Dutch destinations: enjoy the beach at Katwijk and Noordwijk

The beach at Katwijk. Photo: Brandon Hartley

You’ll find these two charming coastal communities a few kilometres northwest of Leiden. Head to either to avoid the larger crowds that typically flock to Scheveningen and Zandvoort on busy summer weekends.

The histories of Katwijk and Noordwijk date back a few millennia. The Roman Empire used Katwijk as an outpost along its northern border. Its proximity to the Rhine River made it a suitable port back in those days and it was often used as a departure point for voyages to and from England.

Noordwijk was officially founded in the 13th century. After the collapse of the Roman Empire, fishing gradually became the primary source of revenue for both towns. Tourism has largely supplanted it in recent decades, but their maritime heritage still echoes through the ages in the historical displays in the Vuurbaak, the lighthouse in Katwijk.

Noordwijk from the air. Photo: Depositphotos.com

The fishing crews have been largely replaced by beachside cafes and businesses that offer kite surfing lessons. Both communities can be incredibly busy during the summer months but they’re well worth visiting any time of the year, especially for those who enjoy brisk strolls along the sea during the off season.

Five things to do

Hit the beach…
Let’s get the most obvious attraction out of the way: the coastline itself. Beachcombers and dog walkers flock to the shores of Katwijk and Noordwijk regardless of the season unless they’re getting pounded by heavy winds and rain. Even then, you’re bound to find a few diehards out there.

The two towns are close enough that you can walk from one to the other. The trek typically takes an hour or so if you stay on the sand, provided you don’t get distracted by kite surfers, seashells, and/or the lure of snacks and drinks at a beachside terrace. Feeling more adventurous? Contact Beach Break, which offers lessons and more for those who want to learn how to surf or kite surf. They’re in Noordwijk.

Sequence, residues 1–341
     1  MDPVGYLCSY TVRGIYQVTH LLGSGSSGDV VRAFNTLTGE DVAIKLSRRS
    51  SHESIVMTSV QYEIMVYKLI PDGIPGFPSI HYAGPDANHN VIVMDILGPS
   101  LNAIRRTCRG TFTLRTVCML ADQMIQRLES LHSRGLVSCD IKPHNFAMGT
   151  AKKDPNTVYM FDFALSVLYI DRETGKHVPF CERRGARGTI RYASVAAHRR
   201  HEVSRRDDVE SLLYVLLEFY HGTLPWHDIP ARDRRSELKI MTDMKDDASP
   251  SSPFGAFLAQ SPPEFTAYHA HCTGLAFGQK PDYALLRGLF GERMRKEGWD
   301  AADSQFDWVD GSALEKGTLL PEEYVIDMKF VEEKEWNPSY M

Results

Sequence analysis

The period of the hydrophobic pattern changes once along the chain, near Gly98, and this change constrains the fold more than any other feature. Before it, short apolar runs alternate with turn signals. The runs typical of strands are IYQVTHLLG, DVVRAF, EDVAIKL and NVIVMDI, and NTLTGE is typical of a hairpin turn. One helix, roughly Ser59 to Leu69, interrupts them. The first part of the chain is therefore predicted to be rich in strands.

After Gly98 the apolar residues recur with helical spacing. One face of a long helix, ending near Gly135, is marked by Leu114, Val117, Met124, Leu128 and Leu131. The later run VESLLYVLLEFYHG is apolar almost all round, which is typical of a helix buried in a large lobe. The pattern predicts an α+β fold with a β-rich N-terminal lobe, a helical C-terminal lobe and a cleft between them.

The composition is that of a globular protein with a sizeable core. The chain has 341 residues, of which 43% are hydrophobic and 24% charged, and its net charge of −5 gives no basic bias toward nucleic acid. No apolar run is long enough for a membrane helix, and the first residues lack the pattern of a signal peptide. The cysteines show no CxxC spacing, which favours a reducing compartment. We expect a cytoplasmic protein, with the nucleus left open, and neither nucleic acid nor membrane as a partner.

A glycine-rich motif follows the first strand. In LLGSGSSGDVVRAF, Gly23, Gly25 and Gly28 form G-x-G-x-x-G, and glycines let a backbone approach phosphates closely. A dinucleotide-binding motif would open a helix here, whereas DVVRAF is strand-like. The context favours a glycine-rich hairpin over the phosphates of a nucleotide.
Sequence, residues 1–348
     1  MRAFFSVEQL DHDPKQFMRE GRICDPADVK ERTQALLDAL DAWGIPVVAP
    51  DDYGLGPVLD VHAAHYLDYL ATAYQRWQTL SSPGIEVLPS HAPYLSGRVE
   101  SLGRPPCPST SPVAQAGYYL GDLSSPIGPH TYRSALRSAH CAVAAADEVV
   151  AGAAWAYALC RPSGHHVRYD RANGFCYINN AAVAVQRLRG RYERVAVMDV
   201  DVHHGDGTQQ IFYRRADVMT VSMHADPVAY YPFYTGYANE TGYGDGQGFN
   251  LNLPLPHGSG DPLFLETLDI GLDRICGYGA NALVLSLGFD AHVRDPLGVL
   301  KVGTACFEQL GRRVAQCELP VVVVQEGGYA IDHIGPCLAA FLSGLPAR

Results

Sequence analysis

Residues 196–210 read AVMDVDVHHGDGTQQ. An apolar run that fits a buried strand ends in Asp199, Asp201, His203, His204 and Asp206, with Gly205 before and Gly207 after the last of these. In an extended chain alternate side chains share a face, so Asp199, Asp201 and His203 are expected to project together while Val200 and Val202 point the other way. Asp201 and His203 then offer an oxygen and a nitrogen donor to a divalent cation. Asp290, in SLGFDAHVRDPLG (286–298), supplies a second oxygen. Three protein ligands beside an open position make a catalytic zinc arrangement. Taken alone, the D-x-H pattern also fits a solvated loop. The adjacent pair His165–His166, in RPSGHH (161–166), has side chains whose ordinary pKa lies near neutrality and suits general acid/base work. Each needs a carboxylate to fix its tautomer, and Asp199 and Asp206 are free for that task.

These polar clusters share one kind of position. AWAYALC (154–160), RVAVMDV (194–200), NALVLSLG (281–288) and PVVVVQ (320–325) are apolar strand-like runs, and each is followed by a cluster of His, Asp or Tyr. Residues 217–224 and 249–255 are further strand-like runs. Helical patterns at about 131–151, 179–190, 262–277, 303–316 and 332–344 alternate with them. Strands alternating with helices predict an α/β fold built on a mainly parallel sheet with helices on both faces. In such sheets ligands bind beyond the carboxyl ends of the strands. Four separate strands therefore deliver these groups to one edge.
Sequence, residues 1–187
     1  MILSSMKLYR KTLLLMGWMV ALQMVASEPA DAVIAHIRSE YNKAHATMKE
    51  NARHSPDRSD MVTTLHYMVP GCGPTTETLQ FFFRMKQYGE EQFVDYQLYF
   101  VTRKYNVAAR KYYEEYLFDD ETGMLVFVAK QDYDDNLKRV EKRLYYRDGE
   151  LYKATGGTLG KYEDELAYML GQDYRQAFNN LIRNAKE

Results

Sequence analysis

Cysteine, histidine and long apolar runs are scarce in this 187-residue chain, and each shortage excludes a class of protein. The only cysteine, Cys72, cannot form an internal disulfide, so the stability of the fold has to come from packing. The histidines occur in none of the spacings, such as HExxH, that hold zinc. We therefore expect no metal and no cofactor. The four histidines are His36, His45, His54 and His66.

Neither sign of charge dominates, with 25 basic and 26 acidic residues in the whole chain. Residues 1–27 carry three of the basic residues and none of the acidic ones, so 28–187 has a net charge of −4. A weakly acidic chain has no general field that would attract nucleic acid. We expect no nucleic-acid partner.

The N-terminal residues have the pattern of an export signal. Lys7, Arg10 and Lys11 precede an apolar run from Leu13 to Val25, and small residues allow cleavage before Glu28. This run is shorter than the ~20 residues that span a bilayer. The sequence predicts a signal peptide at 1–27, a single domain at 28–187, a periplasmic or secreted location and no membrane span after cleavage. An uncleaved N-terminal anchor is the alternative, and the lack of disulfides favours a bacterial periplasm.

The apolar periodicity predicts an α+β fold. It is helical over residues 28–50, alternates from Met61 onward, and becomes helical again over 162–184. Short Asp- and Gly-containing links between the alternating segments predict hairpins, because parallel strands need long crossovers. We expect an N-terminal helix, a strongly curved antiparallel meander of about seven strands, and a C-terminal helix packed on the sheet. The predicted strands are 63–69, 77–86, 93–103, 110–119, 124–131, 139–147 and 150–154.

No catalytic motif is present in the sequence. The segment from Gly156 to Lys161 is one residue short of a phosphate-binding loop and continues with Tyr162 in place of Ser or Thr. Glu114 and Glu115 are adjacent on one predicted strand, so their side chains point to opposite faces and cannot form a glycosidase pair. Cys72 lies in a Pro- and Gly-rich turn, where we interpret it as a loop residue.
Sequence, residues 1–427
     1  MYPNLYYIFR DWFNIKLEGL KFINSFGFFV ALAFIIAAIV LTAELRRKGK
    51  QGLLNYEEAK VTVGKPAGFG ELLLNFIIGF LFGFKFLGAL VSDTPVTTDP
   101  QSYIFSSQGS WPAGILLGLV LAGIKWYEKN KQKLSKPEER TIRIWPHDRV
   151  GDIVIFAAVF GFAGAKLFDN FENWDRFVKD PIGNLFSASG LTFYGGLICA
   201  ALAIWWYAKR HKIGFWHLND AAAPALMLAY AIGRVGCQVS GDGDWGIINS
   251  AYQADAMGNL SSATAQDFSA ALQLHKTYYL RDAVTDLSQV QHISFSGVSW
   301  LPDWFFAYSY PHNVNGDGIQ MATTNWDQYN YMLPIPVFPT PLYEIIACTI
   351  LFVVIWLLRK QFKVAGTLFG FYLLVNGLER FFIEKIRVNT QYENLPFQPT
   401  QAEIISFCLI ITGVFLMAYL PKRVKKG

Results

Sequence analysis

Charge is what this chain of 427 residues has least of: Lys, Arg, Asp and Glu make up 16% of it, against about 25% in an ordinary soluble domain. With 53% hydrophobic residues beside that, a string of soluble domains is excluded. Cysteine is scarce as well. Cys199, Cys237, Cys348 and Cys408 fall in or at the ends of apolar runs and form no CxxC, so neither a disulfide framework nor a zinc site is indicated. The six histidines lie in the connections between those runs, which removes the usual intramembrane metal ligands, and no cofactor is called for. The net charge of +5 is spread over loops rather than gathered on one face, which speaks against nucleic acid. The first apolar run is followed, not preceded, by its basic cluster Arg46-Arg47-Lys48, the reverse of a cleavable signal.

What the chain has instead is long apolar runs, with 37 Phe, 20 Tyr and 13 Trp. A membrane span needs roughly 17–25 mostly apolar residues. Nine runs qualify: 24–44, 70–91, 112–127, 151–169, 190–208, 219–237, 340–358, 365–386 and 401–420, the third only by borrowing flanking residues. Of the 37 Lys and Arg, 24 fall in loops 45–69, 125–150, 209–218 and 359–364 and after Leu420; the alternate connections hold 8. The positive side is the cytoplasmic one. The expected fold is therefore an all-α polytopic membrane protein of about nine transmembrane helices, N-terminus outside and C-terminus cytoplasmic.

Katwijk’s Oude Kerk from the shore. Photo: Brandon Hartley

…or wander through the dunes
The Duinmeertje Coepelduynen nature preserve runs alongside the coast between Katwijk and Noordwijk. Along with rare mosses and mushrooms, it’s home to a variety of birds including nightingales and warblers. There’s also a chance you might get a glimpse at a more elusive deer or fox. Certain areas are closed to the public during breeding season, though.

Gaze into the future at the Space Expo
If the weather isn’t behaving, head to the Space Expo a family-friendly museum located at the The European Space Research and Technology Centre (ESTEC) between the two towns. Devoted to the history and future ambitions of space exploration, the exhibits include a walk-through model of the International Space Station and astronaut André Kuipers’ original Soyuz space capsule.

Children will also get a kick out of Expedition Space Expo, an ‘interactive mission’ that will earn them a astronaut diploma if they complete all the activities.

Step into the past at the Vuurbaak lighthouse
This lighthouse in Katwijk dates back to 1605 and is the second oldest one in the Netherlands. It was phased out in 1912 and was never equipped with a flashing electric light. Nevertheless, the Vuurbaak served as a watchtower during WW I and a machine gun post during WWII when much of the surrounding community was literally torn apart during the construction of the Atlantic Wall.